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Luis Ugueto

February 15 is a lot of things. It is today. On other days, it is not today. It is the day Giuseppe Zangara tried to assassinate FDR and shot Chicago's mayor instead. It is the day Sabena Flight 548 crashed in Belgium. It is the day Richard Feynman died. It is the day Conor Oberst was born. It is the day Johnny Cueto was born. It is the day Luis Ugueto was born. Luis Ugueto was born on this day, back in 1979. Today he is 33 years old for the first time in his life.

You might remember Luis Ugueto as Luis Ugueto. You might remember Luis Ugueto as the "Rule 5 kid." You might not remember Luis Ugueto at all. Luis Ugueto was a Seattle Mariner in 2002, and for a time in 2003.

Luis Ugueto was known as the Rule 5 kid because he was a kid taken in the Rule 5 draft. He was not taken by the Mariners, but the Mariners arranged for him to be taken by the Pirates, who then traded him to the Mariners for some money. This kind of thing happens a lot around the Rule 5 draft. I guess it's good that something happens around the Rule 5 draft.

Ugueto was a young infielder. The Mariners liked him because they had just traded infielder Ramon Vazquez to the Padres in the Ben Davis deal. Well, the Mariners liked him because their scouts liked him, but the Mariners liked him and acquired him because of the Vazquez thing. The Mariners wanted some versatility and legs. They figured Ugueto could provide versatility and legs. The year before, Ugueto played shortstop and second base and stole 22 bases. He also slugged .342 in single-A.

Ugueto went to Arizona, survived camp, and stuck with the team. He stuck with the team almost all year long, save for a DL stint in August. Rule 5 selections frequently end up on the DL for one reason or another, but Ugueto was listed as healthy for quite some time. He returned in September. He was not the Mariners' primary backup infielder - that was Desi Relaford. But Ugueto had a job on the bench.

He started three times. He batted 25 times. He mostly pinch-ran, as the roster had Dan Wilson, John Olerud, Edgar Martinez and Ruben Sierra on it. In his first appearance, he pinch-ran for Sierra and scored the tying run in the bottom of the ninth. In his first at bat, he struck out against Kenny Rogers. In his second at bat, he got his first hit, against Ben Weber. He homered off Lou Pote in July. The homer brought the Mariners to within 12 runs.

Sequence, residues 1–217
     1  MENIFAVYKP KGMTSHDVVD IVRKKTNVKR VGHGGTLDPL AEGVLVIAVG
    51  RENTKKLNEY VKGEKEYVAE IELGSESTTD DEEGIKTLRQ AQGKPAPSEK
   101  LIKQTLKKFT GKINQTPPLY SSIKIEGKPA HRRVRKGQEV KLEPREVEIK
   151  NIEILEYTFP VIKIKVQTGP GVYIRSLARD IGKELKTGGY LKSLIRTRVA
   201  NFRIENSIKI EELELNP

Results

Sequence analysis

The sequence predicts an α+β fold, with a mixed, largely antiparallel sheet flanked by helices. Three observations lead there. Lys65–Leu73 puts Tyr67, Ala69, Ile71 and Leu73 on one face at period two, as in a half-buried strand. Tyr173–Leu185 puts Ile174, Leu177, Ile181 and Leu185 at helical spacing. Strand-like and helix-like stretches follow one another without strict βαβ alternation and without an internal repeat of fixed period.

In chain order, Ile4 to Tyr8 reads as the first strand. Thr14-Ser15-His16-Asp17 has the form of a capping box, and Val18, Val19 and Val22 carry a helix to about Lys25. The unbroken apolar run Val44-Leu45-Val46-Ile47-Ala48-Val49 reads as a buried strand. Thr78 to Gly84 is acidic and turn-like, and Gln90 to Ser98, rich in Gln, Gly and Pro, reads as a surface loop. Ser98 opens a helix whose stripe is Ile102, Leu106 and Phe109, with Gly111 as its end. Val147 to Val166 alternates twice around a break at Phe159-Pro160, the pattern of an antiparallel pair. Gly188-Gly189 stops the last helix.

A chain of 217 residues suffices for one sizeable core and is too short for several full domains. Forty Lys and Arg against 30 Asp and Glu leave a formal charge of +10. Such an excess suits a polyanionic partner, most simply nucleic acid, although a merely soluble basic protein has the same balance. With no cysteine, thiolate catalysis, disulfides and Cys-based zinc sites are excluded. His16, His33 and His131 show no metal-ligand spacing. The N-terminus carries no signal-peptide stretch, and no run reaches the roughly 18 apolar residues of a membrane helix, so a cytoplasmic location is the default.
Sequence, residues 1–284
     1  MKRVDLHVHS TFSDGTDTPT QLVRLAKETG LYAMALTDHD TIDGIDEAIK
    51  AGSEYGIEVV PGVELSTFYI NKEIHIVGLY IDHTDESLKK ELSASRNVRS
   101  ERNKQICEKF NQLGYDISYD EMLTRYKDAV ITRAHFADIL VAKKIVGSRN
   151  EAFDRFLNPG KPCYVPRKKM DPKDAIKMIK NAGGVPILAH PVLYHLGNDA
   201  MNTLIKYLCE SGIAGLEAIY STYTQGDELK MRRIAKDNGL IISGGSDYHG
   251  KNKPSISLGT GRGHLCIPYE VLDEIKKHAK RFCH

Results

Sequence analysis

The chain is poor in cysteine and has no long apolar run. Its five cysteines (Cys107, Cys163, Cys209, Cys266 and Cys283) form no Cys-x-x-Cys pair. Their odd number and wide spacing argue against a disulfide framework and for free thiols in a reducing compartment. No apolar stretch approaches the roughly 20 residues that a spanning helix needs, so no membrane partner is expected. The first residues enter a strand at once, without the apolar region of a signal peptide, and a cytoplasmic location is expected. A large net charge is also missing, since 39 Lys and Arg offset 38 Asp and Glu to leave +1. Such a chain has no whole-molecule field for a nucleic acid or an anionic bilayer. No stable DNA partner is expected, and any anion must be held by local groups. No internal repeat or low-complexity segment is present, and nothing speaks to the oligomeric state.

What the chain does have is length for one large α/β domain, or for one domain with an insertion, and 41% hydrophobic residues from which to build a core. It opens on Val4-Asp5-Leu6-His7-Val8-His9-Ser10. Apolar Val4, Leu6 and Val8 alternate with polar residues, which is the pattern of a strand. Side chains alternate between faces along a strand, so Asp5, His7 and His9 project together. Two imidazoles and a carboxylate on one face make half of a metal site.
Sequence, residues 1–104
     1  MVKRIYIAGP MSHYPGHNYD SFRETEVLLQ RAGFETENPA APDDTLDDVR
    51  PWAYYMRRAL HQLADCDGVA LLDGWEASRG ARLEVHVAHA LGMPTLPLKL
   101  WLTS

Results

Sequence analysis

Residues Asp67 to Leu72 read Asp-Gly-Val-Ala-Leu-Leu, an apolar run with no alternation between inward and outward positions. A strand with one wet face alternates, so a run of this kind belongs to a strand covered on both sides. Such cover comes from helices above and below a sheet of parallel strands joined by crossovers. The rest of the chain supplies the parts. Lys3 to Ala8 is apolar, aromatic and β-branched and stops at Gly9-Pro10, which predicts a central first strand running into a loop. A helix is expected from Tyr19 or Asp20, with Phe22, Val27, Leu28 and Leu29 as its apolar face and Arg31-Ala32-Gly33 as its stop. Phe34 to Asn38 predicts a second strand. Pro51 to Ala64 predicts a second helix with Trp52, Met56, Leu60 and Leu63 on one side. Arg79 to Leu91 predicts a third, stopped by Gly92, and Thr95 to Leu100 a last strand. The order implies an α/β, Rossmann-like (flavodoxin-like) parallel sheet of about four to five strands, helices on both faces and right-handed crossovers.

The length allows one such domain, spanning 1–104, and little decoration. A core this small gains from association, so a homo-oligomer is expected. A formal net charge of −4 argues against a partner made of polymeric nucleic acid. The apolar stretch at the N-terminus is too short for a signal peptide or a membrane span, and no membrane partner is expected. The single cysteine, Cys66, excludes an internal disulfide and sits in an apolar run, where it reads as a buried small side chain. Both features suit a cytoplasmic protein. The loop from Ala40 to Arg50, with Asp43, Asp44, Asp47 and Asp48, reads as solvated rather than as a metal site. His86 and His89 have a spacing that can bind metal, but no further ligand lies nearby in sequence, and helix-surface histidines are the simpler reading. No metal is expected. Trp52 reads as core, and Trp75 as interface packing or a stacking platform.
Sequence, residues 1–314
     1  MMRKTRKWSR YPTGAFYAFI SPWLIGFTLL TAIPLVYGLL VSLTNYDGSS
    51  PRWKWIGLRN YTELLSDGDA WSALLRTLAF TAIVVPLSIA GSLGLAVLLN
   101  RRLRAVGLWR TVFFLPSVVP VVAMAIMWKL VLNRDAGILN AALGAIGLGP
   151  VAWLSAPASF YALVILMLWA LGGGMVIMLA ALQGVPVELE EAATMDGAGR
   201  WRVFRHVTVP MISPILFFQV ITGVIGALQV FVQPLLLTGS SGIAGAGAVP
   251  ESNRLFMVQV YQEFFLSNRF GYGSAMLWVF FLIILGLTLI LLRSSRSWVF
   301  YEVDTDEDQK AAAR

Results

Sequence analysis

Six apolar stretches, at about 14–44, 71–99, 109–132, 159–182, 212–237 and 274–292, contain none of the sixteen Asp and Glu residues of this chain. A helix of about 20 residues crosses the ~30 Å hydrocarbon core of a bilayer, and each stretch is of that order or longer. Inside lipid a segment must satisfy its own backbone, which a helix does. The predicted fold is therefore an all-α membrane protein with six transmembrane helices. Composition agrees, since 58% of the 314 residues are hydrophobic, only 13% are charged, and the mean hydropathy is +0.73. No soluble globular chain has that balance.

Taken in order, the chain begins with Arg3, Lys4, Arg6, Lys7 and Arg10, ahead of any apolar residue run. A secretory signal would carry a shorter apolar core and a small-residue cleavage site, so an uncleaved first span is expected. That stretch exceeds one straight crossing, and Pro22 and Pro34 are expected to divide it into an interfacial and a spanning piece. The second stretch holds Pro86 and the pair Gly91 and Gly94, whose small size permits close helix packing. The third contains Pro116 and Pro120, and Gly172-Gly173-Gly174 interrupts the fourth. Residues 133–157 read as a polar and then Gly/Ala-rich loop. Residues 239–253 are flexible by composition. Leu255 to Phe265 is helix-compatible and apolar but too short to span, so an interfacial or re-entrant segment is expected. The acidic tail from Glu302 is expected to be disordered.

Though the Mariners were committed to Ugueto, he was a weird fit on the bench, and a lot of people didn't think he was worth keeping around. This was an organization, mind you, that had Willie Bloomquist at the ready. Objectively, Ugueto probably did the 2002 Mariners more harm than good. But the 2002 Mariners finished six games out of the Wild Card so it's not like Ugueto and his roster spot were the difference between playoffs and no playoffs. Just for fun, if Ugueto was the difference between playoffs and no playoffs, we would've been spared the Angels' world championship.

Because Ugueto lasted the season, he remained with the Mariners. He spent most of 2003 in double-A, where he didn't hit. He made 12 Major League appearances. He spent all of 2004 in triple-A, where he hit a little more. Then the Mariners dropped him and he signed with the Royals. Then he was suspended twice for violating baseball's steroid policy and he was dropped by the Royals. He played in Taiwan. He signed with the Twins. He was dropped by the Twins. He played in Italy. He wound up in the indy leagues. He hasn't appeared in the Majors since September 23, 2003, when he pinch-ran for Carlos Guillen, stole a base, and scored the tying run in the ninth against the Angels.

Luis Ugueto is 33. He spent part of last year on the same team as Jose Canseco and Tony Phillips. He's a former infield prospect who made it without really truly making it. He's a Venezuelan whose ability to play baseball allowed him to travel the world. Luis Ugueto has lived a life.